So that's where I am on this thing. I have no problem with the 22 250 if I can get good barrel life out of it but not if I have to rebarrel after 1500 round or so. I would constantly be worried about the condition of the barrel.

    Thanks again for the help guys.
     
  9. benchracer

    benchracer Well-Known Member

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    The twist for the Ruger American in 22-250 is 1:10. I have confirmed this with Ruger Customer Service. Though there are not yet pre-fit barrels available for the Ruger, it has a barrel nut arrangement that would theoretically allow DIY barrel replacement just like the Savage rifles. If you are primarily hunting groundhogs, your barrel should last awhile.

    The Ruger American in .223 has a 1:8 twist, which would allow for excellent versatility and long barrel life.

    While I am personally a 22-250 fan, I can certainly see the potential virtues of the .223. It all depends on how much speed and splat factor you really want.
     
  10. tcob68

    tcob68 Well-Known Member

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    You could get a Remington SPS Varmint at reasonable price and have great platform to build on with tons of aftermarket parts available. With several companies offering the Remage option now you get the best of both worlds with almost endless options.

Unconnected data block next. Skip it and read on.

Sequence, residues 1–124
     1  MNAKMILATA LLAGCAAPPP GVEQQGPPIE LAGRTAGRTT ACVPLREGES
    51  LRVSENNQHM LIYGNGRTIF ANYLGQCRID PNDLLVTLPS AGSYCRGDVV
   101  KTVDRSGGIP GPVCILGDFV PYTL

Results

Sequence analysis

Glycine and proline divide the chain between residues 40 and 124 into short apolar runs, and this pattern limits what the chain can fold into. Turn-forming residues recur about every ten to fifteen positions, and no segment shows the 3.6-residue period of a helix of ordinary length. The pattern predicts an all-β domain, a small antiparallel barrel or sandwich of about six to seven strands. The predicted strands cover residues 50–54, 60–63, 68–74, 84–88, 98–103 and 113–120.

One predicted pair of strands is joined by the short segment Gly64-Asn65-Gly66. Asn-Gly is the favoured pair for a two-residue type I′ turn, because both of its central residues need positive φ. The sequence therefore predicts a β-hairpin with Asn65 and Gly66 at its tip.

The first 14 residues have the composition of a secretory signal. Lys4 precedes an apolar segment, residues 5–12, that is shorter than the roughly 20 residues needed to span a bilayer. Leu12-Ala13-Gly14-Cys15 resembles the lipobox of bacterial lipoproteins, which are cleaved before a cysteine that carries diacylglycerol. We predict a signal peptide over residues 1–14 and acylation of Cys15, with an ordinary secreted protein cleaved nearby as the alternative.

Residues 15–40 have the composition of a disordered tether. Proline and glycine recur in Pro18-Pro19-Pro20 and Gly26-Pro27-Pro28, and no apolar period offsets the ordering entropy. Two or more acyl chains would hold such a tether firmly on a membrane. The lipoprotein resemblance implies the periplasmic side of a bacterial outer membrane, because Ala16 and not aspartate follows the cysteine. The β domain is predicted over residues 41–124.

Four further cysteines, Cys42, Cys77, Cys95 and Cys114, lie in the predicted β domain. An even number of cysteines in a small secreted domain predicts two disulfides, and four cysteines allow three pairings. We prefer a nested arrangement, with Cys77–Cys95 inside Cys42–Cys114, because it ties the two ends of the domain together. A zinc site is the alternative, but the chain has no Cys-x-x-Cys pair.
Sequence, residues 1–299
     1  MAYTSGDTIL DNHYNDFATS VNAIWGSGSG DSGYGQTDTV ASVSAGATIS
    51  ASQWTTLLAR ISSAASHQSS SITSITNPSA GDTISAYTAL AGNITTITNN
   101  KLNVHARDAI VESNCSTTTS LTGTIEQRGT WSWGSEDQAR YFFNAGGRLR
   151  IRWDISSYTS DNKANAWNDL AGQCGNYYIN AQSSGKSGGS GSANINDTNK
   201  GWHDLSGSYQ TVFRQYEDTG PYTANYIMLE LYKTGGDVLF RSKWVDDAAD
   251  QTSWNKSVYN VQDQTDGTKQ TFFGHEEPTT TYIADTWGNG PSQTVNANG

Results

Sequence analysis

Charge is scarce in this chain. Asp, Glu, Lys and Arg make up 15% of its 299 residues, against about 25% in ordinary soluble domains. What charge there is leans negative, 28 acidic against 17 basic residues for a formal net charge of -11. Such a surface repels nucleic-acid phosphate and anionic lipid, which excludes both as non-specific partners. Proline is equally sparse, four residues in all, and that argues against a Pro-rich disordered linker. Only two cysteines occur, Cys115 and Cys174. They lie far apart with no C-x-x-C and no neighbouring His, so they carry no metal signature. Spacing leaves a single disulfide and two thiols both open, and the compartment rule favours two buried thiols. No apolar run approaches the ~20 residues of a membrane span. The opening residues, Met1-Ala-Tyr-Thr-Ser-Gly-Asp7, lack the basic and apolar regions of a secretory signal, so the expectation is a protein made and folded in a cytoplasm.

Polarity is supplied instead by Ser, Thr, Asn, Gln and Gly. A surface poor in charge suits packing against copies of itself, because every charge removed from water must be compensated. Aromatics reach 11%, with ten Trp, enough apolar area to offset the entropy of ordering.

11. TacRabbit

    TacRabbit Well-Known Member

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    I have to agree with tcob68 about the Remage option. You could get a used rifle and pull the barrel. Have a machinist notch the action for a pinned lug and buy all of the components from Jim at Northland Shooters Supply. Replacement barrels are about $300. You would need to get an action wrench, barrel nut wrench, and go/no-go gauges. You get all of the aftermarket support of a Remington with the ability to swap your own barrels like a Savage.
    I recently went this route and have been very pleased. I put together a 7mm-08 and its shooting around .6 with 162 SST's and minimal load development.
     

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  12. thumbs

    thumbs Well-Known Member

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    Been doin a lot of surfing this evening and came across this.

    Savage 19126 10FP-SR Law Enforcement Series 223

    Does anyone know anything about this rifle. Sounds like what I am looking for as long as it shoots. Or at least looking into. Can't find it on the Savage site though.
     
  13. Trever

    Trever Well-Known Member

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    A pro hunter pistol in 22-250 or 22-250AI from bullberry would make <300 interesting. Kind of keep you on your toes a little bit.:D shooting position and trigger control would he the competition then.
     
  14. Dgd6mm

    Dgd6mm Well-Known Member

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    Thumbs, that 10FP is a realgood choice and will be a great platform to build off of..gun)